Collect the thoughts running around your head
Organize them as best you can
Choose one that you can stand by
When it comes to putting the score into practice, I didn’t have much trouble as this is something I try to do everyday. I have occasional anxiety and am not confrontational, so sometimes during a discussion I may give in even if I believe I’m still correct. By slowing down and breaking down my thought process, I have a easier time not only deciding on what I want to say, but can collect myself before speaking. By taking a breath before vocalizing my thought, I don’t feel rushed in my words and can make my point heard. This has also been a very helpful method while helping someone close to me who has been going through depression. There are many things I want to say or communicate, but whatever I choose to say must be solid, or I may risk them feeling worse. Making this score has been very helpful in reminding me to always take my time and say my words with care and meaning.
This score came to me while in my Foundations of Game Design class. One student was rambling on and on about whatever was popping in to their mind, and it seemed like they lost the meaning of their initial point along the way. If they didn’t have an initial point, then there was no reason for them to be talking. In other classes I’ve seen it as well and I’d be lying to say that I have never done it myself. I notice that after the rambling people tend to drop the subject out of embarrassment or not caring anymore , even if their original point was good. In those times I always wish for them to go back and explain more. If they said something, there was a reason for it, and I would enjoy listening to that reason as opposed to them talking for the sake of talking.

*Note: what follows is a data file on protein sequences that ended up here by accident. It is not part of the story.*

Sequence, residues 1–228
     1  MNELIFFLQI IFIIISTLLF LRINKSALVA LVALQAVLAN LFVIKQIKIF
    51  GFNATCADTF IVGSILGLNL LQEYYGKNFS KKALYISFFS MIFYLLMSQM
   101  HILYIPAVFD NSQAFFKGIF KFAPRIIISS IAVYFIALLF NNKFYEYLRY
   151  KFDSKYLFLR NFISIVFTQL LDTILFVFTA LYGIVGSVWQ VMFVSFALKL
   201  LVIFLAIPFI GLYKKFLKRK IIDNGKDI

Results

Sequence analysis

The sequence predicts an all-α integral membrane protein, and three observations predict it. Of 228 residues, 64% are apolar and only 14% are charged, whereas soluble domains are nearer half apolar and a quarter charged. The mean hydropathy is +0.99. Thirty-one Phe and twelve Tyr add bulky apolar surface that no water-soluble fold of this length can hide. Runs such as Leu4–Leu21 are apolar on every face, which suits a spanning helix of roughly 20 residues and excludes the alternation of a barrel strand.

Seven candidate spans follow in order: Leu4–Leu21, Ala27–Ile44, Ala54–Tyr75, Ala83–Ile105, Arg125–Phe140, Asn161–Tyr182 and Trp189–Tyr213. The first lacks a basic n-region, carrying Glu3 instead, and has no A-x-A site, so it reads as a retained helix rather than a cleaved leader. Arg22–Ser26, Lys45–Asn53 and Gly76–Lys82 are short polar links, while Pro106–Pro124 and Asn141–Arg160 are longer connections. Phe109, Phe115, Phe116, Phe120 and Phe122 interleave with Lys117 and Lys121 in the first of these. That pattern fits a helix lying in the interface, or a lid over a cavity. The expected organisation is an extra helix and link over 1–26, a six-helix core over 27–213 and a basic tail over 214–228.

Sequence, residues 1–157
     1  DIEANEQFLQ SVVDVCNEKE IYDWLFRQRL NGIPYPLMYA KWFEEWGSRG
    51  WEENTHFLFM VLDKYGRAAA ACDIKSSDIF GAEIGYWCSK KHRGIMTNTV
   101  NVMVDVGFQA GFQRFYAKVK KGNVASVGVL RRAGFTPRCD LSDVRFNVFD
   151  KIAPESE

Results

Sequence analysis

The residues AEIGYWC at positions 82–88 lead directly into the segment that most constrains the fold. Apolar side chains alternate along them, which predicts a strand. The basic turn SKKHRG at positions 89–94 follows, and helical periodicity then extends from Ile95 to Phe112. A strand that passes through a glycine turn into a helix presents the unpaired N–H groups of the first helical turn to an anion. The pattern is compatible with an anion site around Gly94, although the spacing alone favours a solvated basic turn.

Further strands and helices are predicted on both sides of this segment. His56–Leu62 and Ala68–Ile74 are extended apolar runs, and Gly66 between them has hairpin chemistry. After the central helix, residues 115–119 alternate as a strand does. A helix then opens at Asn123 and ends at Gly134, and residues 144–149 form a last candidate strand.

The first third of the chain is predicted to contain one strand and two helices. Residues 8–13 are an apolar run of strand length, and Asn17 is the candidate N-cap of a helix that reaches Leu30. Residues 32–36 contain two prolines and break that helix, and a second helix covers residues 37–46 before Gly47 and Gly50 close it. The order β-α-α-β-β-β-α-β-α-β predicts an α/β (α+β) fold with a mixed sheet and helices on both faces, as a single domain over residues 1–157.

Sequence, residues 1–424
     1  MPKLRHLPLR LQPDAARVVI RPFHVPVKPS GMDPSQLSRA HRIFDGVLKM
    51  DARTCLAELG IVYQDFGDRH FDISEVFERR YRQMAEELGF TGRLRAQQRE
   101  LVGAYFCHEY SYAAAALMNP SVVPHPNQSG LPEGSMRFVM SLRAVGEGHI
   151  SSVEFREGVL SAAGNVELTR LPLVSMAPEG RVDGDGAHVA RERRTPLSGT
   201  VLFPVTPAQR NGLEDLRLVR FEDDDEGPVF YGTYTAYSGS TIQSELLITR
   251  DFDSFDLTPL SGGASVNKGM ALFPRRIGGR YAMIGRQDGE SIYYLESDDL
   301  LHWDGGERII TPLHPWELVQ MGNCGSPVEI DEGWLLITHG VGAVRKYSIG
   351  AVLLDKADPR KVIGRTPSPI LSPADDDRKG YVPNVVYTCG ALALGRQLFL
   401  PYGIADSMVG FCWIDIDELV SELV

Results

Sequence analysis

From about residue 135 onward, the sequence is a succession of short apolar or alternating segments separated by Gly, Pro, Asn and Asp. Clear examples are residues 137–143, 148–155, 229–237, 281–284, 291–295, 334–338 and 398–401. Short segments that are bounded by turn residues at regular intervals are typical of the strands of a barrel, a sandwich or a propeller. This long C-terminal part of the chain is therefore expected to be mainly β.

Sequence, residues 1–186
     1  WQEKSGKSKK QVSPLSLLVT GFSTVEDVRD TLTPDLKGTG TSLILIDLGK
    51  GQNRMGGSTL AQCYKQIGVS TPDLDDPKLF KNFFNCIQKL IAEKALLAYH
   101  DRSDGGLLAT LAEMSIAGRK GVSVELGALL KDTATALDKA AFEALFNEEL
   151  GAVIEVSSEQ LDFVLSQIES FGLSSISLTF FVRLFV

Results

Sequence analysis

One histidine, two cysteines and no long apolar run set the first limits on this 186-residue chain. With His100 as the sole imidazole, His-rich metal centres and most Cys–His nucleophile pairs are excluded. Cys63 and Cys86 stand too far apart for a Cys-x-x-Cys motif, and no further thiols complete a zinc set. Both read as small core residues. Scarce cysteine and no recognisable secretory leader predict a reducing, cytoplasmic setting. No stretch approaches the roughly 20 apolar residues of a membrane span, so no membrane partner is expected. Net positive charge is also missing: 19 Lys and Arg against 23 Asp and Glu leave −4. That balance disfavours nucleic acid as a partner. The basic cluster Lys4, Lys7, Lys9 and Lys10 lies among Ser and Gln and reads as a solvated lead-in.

The only changes I made were changing “ones” to “one” in the 3rd line. After talking about the meaning of the score with the class and putting it into action, it makes most sense in theory and in practice to focus on that single thought.